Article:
Via the Free Beacon, lots of oohing and ahhing among the chatterati over this answer from last night’s CNN event. It’s “on brand,” if nothing else. Klobuchar’s betting that (a) the leftist vote will split half a dozen ways, (b) Biden either will choose not to run or get sunk by leftist grievances against him when he gets in, leaving the center to her, and (c) her regional appeal will help her to a surprisingly strong finish in Iowa, elevating her into the top tier. This question and answer were a perfect opportunity for her to establish her centrist identity on a big stage. It does seem bold at a moment when Democrats are being pulled towards socialism to opine aloud, as a presidential candidate, that perhaps a country that’s $22 trillion in debt can’t pay for every last bit of free sh*t that its most left-wing citizens propose.
This tweet sums up the conventional wisdom, but be sure to click through and read the replies to it. Not everyone is as enamored of the idea that there might be a conceptual limit to the federal credit card as the center-left media/establishment political class is.
Klobuchar seems willing to say one word that often goes unspoken by presidential candidates: No. From Medicare for all to the Green New Deal to free college, she's resisted the urge to pander as she tests the balance between pragmatism and purity. #KlobucharTownHall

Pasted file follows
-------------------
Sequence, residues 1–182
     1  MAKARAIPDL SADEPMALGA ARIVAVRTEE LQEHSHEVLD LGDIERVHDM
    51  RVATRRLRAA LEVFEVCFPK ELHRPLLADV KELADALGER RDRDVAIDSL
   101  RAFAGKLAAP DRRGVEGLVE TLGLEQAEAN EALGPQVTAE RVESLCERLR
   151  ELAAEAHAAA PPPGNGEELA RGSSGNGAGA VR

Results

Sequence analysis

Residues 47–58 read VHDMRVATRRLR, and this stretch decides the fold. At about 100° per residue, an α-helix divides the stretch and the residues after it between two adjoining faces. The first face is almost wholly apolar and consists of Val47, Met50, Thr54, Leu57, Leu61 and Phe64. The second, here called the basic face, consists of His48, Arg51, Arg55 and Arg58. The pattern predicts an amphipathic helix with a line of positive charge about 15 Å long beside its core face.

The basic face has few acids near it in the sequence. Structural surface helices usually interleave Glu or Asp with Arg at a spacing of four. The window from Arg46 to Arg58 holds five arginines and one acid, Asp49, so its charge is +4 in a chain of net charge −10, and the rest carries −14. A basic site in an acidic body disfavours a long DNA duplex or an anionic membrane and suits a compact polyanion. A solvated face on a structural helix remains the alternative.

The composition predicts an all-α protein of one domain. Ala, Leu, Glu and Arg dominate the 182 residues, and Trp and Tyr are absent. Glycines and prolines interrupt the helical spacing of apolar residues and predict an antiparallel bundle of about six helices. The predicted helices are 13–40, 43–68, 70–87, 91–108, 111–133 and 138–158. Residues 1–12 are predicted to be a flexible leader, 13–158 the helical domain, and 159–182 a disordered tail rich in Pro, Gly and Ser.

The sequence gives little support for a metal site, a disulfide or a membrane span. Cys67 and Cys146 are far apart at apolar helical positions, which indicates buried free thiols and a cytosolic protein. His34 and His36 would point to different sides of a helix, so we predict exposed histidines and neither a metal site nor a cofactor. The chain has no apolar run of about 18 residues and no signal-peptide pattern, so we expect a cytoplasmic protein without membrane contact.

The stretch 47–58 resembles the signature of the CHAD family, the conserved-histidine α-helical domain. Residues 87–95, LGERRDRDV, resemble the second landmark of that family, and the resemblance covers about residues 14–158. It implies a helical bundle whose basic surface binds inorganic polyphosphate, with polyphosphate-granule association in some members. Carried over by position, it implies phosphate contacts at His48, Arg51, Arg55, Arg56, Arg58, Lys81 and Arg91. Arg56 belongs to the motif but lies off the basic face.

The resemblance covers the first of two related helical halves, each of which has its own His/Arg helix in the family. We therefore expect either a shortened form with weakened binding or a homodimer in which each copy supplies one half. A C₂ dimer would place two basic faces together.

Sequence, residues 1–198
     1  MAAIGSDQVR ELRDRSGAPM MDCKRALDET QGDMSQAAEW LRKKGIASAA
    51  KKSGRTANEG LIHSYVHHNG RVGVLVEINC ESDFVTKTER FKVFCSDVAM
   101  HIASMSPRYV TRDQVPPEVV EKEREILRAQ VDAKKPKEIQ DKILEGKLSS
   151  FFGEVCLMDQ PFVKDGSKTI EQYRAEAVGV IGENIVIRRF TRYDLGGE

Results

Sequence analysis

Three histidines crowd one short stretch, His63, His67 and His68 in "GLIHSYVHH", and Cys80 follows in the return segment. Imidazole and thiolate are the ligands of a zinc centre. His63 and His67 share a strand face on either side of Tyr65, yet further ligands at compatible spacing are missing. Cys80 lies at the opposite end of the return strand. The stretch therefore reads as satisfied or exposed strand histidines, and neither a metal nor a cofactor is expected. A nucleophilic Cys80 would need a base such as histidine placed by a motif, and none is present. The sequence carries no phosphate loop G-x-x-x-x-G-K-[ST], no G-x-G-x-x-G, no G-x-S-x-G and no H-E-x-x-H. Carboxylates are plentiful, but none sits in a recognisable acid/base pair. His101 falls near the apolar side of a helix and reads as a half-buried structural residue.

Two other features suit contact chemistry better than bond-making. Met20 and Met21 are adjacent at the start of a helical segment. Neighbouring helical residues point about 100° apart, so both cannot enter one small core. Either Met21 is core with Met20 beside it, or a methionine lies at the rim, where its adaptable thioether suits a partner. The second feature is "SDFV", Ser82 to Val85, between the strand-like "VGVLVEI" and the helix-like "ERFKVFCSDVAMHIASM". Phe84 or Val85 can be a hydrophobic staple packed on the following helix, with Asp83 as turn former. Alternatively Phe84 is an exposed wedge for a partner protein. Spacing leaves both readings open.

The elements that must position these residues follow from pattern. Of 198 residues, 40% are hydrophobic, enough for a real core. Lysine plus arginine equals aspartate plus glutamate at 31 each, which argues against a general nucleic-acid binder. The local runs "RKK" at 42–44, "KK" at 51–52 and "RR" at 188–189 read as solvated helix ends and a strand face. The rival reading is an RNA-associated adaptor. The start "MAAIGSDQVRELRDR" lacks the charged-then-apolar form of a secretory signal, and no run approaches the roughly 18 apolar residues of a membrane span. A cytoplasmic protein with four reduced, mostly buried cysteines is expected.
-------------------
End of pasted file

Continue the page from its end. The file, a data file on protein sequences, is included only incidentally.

— Jeff Zeleny (@jeffzeleny) February 19, 2019
If I had to bet on whether this answer hurts her more than it helps or vice versa, I know which way I’d bet. Which is not to say she’s wrong, either substantively or tactically: Running to the center is the only chance she has at the nomination realistically. She’s not going to suddenly out-progressive Bernie Sanders or Elizabeth Warren and she had the good sense not to try to mount a weird, gimmicky campaign like Kirsten Gillibrand’s feminist candidacy. (A smart friend wondered last night how much stronger Gillibrand might have been if she had tried competing for the wide-open centrist lane by, say, reverting to some mild hawkishness about the border instead of continuing to play pretend leftist.) But she’s making a straight-up wager here that there are more centrists in the Democratic primary — if only centrists of convenience, who value “electability” over ideological purity — than there are dogmatic liberals. It’s not a crazy wager. But I’m skeptical.
And I’m especially skeptical with respect to this issue. A Reuters poll last year asked people what they thought of Sanders’s plan to provide free college to all students from families that make $125,000 or less a year, with the money to come from a tax on speculative trading. Nearly 80 percent of Democrats supported it. Klobuchar’s trying to walk a line, not just on this topic but on matters like Medicare for all and the Green New Deal, in which she’s enthusiastic about the broader goal to please the left but skeptical about feasibility (at least in the near-term) to please the center. The left’s been coping with that attitude from Democratic nominees for a long time, most recently and famously with ObamaCare and insurance reform. If they can’t stop a bland centrist like Klobuchar from the nomination next year, when all of the ideological momentum is in their favor, they might as well quit.
The look on the kid’s face when Klobuchar tells him no is fun, though.